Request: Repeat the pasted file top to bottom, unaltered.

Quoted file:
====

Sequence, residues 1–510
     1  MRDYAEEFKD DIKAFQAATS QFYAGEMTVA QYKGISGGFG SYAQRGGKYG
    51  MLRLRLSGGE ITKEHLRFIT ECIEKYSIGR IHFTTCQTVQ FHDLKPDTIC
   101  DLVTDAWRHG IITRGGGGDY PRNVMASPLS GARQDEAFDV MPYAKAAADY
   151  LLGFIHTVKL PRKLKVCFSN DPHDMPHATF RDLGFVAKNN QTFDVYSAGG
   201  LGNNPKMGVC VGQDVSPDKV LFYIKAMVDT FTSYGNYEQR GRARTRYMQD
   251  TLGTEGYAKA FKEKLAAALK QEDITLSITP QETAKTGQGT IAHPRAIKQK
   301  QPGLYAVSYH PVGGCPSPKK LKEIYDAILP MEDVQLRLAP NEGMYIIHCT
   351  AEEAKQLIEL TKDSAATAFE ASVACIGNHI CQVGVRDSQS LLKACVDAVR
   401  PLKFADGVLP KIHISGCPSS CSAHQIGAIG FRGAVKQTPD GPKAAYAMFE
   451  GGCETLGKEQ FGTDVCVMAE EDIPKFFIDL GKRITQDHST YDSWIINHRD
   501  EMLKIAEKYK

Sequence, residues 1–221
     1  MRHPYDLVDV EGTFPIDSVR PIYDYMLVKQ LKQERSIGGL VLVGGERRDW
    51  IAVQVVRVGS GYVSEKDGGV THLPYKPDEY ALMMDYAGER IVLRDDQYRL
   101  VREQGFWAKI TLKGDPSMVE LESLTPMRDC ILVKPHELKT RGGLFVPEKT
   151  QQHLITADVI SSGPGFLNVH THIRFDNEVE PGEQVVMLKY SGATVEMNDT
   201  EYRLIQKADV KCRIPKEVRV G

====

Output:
Sequence, residues 1–510
     1  MRDYAEEFKD DIKAFQAATS QFYAGEMTVA QYKGISGGFG SYAQRGGKYG
    51  MLRLRLSGGE ITKEHLRFIT ECIEKYSIGR IHFTTCQTVQ FHDLKPDTIC
   101  DLVTDAWRHG IITRGGGGDY PRNVMASPLS GARQDEAFDV MPYAKAAADY
   151  LLGFIHTVKL PRKLKVCFSN DPHDMPHATF RDLGFVAKNN QTFDVYSAGG
   201  LGNNPKMGVC VGQDVSPDKV LFYIKAMVDT FTSYGNYEQR GRARTRYMQD
   251  TLGTEGYAKA FKEKLAAALK QEDITLSITP QETAKTGQGT IAHPRAIKQK
   301  QPGLYAVSYH PVGGCPSPKK LKEIYDAILP MEDVQLRLAP NEGMYIIHCT
   351  AEEAKQLIEL TKDSAATAFE ASVACIGNHI CQVGVRDSQS LLKACVDAVR
   401  PLKFADGVLP KIHISGCPSS CSAHQIGAIG FRGAVKQTPD GPKAAYAMFE
   451  GGCETLGKEQ FGTDVCVMAE EDIPKFFIDL GKRITQDHST YDSWIINHRD
   501  EMLKIAEKYK

Sequence, residues 1–221
     1  MRHPYDLVDV EGTFPIDSVR PIYDYMLVKQ LKQERSIGGL VLVGGERRDW
    51  IAVQVVRVGS GYVSEKDGGV THLPYKPDEY ALMMDYAGER IVLRDDQYRL
   101  VREQGFWAKI TLKGDPSMVE LESLTPMRDC ILVKPHELKT RGGLFVPEKT
   151  QQHLITADVI SSGPGFLNVH THIRFDNEVE PGEQVVMLKY SGATVEMNDT
   201  EYRLIQKADV KCRIPKEVRV G